Even under the current government I’d judge a further 10-20% fall in the pound to be quite likely, almost certainly below parity with the Euro, the silver lining being that it will probably force the BoE to finally start putting up interest rates.

  20. I realise Sky are running with the great phrase from McDonnell that Momentum are “war gaming” and Paul Mason’s, “it’ll be like Stalingrad” but I was more amused by McDonnell’s choice of, “we’ll hit the deck running.”

    I assume he meant ground – although he is fond of the Farm’s music “Altogether Now (In No Mans Land)” that Labour used in it’s 1992 campaign.

  21. I mean I guess it’s great that they are thinking about the damaging upheaval that could follow their victory, but it does raise the qualm that maybe such a victory is not desirable.

  22. At least Labour are planning for a potential disaster, word is the current gov still won’t fund a proper analysis into the effects of hard Brexit, how ironic that the party of “hard truths” outright refuses to plan for the worst case scenario…

  23. There’s still a significant 20% or so of the electoate who really drank the Kool-Aid and who won’t hear a bad word said about Brexit. And the Tories have calculated (rightly) that it is these voters that enabled them to hang on by their fingernails in June. So the farce continues…

  24. “At least Labour are planning for a potential disaster, word is the current gov still won’t fund a proper analysis into the effects of hard Brexit, how ironic that the party of “hard truths” outright refuses to plan for the worst case scenario…”

    Hi Rivers

    I’m not going to forget your promise that Corbyn won’t re-introduce exchange rate controls…

    Pretty sure that must have been one scenario in the “war gaming”. In the extreme maybe even he Tories would be forced to use them temporarily after a cliff edge Brexit. The pound is very overvalued at the moment.

  25. “There’s still a significant 20% or so of the electoate who really drank the Kool-Aid and who won’t hear a bad word said about Brexit. And the Tories have calculated (rightly) that it is these voters that enabled them to hang on by their fingernails in June. So the farce continues…”

    True, and I have numerous family members in that 20%.

    The £20bn Brexit bill ain’t going down with these folks at all well, and as other commitments will have to be added to that figure, it’ll probably go up quite a lot.

    The Tories are getting themselves into a situation where the electorate will damn them if they do and damn them if they don’t – either a massive bill or falling off a cliff edge. Either way they almost certainly lose power.

  26. £20 billion wouldn’t be a “massive bill” by any stretch. That’s an amount equal to fewer than three years worth of annual net contributions at the current rate:

    https://fullfact.org/europe/our-eu-membership-fee-55-million/

  27. “£20 billion wouldn’t be a “massive bill” by any stretch. That’s an amount equal to fewer than three years worth of annual net contributions at the current rate:”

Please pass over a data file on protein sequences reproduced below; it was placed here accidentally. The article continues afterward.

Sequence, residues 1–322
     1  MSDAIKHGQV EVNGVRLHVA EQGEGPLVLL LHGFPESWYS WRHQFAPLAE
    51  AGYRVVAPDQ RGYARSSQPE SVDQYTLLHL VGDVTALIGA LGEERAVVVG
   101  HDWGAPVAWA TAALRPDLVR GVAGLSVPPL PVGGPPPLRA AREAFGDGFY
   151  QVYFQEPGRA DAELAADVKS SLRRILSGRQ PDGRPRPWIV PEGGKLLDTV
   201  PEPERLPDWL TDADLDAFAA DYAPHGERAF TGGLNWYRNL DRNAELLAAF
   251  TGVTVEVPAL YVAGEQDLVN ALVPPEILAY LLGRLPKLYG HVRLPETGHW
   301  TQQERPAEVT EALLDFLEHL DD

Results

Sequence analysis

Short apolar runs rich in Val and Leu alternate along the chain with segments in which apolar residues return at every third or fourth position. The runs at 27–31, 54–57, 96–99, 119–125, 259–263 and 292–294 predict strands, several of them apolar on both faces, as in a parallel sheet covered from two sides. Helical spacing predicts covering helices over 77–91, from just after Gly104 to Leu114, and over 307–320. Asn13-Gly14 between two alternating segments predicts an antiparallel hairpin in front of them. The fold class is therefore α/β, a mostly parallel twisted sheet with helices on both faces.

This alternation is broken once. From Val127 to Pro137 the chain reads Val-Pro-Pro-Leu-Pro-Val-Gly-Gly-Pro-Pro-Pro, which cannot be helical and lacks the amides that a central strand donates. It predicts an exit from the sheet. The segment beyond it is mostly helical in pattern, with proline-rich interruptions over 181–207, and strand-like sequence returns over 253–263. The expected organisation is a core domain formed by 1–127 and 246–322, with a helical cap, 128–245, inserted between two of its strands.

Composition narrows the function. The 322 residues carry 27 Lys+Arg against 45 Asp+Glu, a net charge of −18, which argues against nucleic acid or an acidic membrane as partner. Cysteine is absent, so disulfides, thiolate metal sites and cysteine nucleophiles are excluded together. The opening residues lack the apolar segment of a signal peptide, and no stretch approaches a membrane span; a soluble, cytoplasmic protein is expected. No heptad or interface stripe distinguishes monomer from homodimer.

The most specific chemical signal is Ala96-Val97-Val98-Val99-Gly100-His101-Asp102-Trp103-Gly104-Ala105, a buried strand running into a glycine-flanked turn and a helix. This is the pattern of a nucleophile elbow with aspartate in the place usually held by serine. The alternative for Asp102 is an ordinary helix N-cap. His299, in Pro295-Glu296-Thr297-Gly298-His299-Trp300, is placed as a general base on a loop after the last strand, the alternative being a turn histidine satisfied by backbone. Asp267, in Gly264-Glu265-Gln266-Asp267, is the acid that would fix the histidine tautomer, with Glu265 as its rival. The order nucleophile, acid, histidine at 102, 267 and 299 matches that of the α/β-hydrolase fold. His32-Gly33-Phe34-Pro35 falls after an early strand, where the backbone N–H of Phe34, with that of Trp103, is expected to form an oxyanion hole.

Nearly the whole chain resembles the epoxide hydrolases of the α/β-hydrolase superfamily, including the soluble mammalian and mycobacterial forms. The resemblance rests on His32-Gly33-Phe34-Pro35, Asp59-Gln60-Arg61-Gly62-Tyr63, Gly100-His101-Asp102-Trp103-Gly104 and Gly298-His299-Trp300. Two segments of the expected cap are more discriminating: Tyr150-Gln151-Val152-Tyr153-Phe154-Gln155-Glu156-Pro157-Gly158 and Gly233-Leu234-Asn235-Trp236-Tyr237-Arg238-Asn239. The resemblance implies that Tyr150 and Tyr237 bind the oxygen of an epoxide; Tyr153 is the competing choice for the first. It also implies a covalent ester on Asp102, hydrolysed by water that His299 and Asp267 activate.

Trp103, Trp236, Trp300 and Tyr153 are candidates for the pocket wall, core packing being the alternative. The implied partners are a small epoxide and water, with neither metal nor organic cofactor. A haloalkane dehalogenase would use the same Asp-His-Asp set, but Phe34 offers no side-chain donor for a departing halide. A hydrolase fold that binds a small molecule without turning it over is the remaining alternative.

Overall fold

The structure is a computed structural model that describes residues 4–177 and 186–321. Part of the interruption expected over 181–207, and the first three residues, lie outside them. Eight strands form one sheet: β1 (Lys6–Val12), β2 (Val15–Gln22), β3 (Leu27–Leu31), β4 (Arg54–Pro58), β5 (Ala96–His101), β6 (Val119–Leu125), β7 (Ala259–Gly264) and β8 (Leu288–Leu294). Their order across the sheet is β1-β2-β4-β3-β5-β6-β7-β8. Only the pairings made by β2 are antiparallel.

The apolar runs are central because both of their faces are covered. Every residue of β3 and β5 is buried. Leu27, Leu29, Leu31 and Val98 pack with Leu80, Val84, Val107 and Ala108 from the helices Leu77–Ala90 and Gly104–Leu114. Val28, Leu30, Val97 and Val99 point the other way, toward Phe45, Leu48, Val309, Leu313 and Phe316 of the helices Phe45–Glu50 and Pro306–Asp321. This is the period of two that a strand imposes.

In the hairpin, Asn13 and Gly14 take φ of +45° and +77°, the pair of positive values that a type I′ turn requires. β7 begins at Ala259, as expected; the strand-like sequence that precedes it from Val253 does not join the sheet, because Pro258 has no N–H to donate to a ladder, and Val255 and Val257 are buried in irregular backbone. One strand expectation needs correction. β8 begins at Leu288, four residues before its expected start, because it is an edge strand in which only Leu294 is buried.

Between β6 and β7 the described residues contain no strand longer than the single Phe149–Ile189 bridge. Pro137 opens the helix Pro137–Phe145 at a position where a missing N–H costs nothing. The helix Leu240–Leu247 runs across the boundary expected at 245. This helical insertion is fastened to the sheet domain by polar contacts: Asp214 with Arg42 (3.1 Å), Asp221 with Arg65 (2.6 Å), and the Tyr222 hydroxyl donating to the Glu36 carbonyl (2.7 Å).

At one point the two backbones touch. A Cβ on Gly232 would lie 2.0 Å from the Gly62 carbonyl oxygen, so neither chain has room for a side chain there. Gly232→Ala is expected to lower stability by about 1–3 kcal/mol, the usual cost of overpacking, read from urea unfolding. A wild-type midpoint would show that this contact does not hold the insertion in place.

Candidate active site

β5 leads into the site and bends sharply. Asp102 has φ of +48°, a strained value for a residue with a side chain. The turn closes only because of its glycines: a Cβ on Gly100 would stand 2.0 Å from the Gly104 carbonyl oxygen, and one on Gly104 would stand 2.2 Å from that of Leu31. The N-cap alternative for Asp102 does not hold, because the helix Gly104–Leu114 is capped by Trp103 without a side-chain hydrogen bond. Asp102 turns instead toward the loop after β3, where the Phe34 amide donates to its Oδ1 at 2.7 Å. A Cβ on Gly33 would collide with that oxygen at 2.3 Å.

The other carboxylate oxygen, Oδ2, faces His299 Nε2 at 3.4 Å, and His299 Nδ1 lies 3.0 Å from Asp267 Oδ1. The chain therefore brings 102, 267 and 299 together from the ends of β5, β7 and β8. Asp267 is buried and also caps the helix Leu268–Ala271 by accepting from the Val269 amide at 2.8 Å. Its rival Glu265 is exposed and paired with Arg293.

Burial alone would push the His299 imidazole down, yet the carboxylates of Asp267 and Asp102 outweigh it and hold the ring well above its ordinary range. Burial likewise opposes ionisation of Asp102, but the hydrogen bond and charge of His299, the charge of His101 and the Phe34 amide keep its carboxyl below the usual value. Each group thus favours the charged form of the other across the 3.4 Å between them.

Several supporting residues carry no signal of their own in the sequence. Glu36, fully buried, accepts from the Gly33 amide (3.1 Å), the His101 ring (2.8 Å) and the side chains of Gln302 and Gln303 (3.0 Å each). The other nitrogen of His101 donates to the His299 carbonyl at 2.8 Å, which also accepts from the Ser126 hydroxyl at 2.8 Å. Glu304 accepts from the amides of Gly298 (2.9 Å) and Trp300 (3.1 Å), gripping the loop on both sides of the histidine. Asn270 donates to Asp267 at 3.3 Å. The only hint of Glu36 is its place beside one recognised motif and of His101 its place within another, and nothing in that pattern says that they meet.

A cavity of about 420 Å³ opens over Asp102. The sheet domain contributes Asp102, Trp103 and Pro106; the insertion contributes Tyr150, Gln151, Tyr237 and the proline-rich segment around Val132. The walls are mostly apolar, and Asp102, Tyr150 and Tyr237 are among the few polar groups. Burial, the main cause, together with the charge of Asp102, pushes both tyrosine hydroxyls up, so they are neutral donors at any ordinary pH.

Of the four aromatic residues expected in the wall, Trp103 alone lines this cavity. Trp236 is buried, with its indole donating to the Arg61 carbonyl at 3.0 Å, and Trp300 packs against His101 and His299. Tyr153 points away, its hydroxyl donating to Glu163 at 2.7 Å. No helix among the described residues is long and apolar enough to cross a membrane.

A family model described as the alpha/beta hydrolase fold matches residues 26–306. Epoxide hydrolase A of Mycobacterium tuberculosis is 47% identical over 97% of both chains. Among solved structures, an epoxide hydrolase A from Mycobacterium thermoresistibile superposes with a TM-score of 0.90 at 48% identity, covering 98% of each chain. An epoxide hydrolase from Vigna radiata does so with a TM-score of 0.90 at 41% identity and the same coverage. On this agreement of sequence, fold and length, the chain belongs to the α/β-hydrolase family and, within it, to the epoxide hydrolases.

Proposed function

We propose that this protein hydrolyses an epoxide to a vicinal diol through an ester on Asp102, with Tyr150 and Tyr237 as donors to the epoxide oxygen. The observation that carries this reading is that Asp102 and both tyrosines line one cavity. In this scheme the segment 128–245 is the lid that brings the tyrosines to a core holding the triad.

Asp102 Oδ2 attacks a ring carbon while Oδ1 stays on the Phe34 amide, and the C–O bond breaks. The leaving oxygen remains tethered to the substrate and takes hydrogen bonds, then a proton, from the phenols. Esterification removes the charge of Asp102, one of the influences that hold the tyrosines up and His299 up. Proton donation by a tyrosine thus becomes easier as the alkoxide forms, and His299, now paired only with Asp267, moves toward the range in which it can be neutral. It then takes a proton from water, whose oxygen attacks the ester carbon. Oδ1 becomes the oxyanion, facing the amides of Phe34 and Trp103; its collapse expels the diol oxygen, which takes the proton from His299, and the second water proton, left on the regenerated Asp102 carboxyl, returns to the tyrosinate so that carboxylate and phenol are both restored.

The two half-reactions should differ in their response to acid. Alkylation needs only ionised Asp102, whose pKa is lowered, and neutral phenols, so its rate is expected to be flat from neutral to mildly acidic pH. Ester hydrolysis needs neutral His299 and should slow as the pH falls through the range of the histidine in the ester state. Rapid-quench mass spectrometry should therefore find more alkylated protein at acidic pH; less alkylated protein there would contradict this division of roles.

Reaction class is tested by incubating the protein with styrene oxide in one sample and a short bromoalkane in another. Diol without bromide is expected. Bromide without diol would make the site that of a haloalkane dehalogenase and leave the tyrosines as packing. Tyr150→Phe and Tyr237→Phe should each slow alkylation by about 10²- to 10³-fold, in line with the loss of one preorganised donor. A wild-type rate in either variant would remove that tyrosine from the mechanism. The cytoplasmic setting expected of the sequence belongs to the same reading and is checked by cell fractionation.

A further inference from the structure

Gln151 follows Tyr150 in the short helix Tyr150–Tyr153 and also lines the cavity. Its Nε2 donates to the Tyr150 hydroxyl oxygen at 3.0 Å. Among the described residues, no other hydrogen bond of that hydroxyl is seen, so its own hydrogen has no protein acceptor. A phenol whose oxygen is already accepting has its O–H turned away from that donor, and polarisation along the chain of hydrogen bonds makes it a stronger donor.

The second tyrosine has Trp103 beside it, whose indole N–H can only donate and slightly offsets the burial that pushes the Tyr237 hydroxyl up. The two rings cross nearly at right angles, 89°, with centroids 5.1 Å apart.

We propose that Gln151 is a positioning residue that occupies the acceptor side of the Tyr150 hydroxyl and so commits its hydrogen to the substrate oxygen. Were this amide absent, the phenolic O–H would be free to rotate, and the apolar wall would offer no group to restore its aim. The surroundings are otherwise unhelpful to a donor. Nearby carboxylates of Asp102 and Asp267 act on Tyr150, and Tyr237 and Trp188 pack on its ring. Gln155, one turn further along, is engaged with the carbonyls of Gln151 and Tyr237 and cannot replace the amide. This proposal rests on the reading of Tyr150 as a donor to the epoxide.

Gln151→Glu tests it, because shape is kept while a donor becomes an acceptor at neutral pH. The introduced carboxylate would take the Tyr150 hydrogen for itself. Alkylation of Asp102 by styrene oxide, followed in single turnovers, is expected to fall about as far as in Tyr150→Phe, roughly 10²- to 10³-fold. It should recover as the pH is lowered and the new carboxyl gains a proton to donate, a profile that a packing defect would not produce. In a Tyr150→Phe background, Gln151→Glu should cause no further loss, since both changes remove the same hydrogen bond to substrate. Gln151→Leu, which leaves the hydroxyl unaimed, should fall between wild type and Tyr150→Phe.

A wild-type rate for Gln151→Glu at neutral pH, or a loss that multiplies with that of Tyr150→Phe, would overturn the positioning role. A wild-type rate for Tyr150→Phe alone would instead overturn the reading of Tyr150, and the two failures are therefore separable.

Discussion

1. People were promised by Boris Johnson et al that we would be leaving with no need to pay anything at all

    2. The final divorce bill will be more like 50-60bn Euro once other commitments are factored in

    If you think this won’t infuriate a population who are having to endure NHS and education cuts you are very deluded indeed

  28. “If you think this won’t infuriate a population who are having to endure NHS and education cuts you are very deluded indeed”

    It might infuriate people or it might not (and I’ll grant you that’s what’s important re future elections). Objectively though it isn’t a massive amount.

  29. ‘ If you think this won’t infuriate a population who are having to endure NHS and education cuts you are very deluded indeed ‘

    While staying in and paying more than that continually will also infuriate.

    The argument the government will use is that Blair / Brown / Cameron locked the UK into making payments and we’re now getting out of it before it costs us any more money.

    There’s plenty of big numbers which they could throw about – money lost by giving up the Rebate for example or and (exaggerated) estimate of whatever future contributions would be.

  30. Although of course the best plans are not to reveal your plans.

    Maybe McDonnell didn’t know he was being filmed in the dark nightspot.

    “Who are they?” was a great Q to Jezza from Laura K who the Corbynistas loathe. “When they come for us…” J Mc.

    Jezza at least answered honestly: “I suspect people John doesn’t like.” Well that’s certainly a long list.

  31. “While staying in and paying more than that continually will also infuriate.”

    But we will be staying out and almost certainly continuing to contribute, to gain access to the single market. On top of the divorce settlement.

    “The argument the government will use is that Blair / Brown / Cameron locked the UK into making payments and we’re now getting out of it before it costs us any more money.”

    The government can’t very easily use that argument given that most of them were part of Cameron’s government and supported Remain, not least the PM herself. And as per my comment above, despite not being a member it is most likely we will continue to make some level of annual payment after the divorce.

    My point isn’t to argue about Brexit so much as to suggest that it is very hard to see the Tories being re-elected next time.

  32. I agree with HH, I just don’t se the Tories navigating the Brexit mire without taking serious damage, their best strategy might be to avoid a total cliff edge by negotiating the softest Brexit possible, winning back the Battersea’s of this country and hopefully thus somewhat making up for the inevitable losses in the Mansfields. The added benefit of that strategy is that Labour couldn’t really role out the “betrayal of the British people line” given that the vast majority of its MP’s and members support the softest possible Brexit. Such a strategy if played right might actually semi neutralise Brexit as an issue.

  33. HH
    “I’m not going to forget your promise that Corbyn won’t re-introduce exchange rate controls”